Identity Theft

Simple Little Solutions To Protect Yourself

November, 2002

You’ve spent thousands of dollars to protect your company from spam, computer viruses and hackers. But how much effort have you put into safeguarding your own identity? Your finances, Social Security number and other personal information are gold mines waiting to get into the hands of the wrong person. It takes about 12 months between the time a thief steals an identity, and the time that person realizes that he or she is a victim, according to the Federal Trade Commission.

Do not use your Social Security number as your driver’s license number. And do not make old financial statements available to “dumpster diggers” – people that literally dig through other people’s trash. Do invest in a paper shredder. If you must submit credit-card information online, make sure that Internet connections are secure. Make sure that you download security patches as they become available, and that your software is always up-to-date. There were 86,000 complaints about identity theft, made last year to the FTC, roughly 42 percent of all its complaints.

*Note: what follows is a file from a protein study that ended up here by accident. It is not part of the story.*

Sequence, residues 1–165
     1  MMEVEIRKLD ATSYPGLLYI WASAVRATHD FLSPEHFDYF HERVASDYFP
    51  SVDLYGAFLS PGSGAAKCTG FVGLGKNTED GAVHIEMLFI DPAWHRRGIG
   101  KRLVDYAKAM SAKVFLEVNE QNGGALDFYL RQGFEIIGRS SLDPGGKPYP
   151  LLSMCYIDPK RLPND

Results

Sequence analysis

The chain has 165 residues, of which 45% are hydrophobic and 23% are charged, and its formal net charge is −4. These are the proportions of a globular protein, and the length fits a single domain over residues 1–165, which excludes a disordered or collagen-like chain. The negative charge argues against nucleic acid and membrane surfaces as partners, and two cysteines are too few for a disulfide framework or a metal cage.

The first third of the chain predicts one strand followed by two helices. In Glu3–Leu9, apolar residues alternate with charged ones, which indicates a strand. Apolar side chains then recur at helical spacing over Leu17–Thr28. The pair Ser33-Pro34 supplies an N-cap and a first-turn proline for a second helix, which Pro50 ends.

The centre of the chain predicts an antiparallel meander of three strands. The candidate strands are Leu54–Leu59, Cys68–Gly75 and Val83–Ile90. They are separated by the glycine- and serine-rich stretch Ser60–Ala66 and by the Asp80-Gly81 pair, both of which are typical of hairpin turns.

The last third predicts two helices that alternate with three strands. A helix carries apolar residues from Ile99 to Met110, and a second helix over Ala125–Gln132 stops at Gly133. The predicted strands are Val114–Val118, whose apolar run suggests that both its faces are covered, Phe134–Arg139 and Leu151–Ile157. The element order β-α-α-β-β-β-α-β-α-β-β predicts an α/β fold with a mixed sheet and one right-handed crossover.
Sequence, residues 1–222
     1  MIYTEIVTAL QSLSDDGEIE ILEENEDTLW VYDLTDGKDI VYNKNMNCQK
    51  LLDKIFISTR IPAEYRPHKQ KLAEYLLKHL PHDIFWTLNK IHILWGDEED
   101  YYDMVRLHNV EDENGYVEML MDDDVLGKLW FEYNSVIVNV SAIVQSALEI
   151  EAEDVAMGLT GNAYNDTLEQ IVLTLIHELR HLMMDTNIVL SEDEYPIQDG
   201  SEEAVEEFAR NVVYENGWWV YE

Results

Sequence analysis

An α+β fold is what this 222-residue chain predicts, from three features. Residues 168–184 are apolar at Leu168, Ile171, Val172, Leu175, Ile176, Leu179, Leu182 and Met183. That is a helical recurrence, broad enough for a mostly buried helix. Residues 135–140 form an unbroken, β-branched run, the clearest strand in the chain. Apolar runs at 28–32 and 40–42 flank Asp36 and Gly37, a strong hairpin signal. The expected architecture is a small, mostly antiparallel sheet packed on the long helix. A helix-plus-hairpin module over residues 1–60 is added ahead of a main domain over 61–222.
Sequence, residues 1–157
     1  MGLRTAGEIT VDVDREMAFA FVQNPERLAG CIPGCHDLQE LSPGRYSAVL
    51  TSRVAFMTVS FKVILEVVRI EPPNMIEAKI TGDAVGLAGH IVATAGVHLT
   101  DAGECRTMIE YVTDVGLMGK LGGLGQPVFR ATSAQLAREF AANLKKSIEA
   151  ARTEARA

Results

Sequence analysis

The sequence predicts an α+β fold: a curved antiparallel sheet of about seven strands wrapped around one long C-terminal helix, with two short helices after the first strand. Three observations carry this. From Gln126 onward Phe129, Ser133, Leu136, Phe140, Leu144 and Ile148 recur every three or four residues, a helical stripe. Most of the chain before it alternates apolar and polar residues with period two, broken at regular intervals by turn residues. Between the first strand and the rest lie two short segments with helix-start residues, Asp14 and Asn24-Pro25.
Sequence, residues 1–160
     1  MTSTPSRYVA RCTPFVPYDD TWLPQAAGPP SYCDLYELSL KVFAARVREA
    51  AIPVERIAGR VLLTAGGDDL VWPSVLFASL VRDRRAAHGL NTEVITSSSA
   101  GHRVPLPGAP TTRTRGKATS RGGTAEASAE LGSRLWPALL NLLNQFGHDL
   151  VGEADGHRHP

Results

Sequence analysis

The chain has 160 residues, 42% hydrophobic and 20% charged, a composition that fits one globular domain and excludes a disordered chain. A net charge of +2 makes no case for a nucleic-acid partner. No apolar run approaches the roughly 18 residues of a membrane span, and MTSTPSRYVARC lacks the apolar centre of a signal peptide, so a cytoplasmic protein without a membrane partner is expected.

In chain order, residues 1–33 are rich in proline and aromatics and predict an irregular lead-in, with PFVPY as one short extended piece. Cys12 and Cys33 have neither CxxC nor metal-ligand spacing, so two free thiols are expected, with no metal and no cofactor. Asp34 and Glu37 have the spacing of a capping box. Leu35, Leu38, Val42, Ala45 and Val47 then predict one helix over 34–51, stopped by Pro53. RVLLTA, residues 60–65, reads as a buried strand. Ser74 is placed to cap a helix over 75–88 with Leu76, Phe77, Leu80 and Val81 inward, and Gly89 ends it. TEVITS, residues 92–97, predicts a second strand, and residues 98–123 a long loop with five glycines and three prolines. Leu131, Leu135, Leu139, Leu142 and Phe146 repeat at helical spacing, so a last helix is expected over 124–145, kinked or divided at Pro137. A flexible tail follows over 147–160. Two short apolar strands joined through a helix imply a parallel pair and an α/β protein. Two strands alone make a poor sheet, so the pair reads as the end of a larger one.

NetEnterprise is one company helping clients protect their customers from such dangers. “Our services range from simply doing encryptions for the link between a consumer’s browser and the Web page, to a more dedicated system of (multiple) firewalls,” says Jason Toth, chief technology officer. All the technology in the world will not prevent identity theft – unless you take action, first. -CSC

Related Stories

On Newsstands Now

October 2017

HB October 2017


Cathy S. Cruz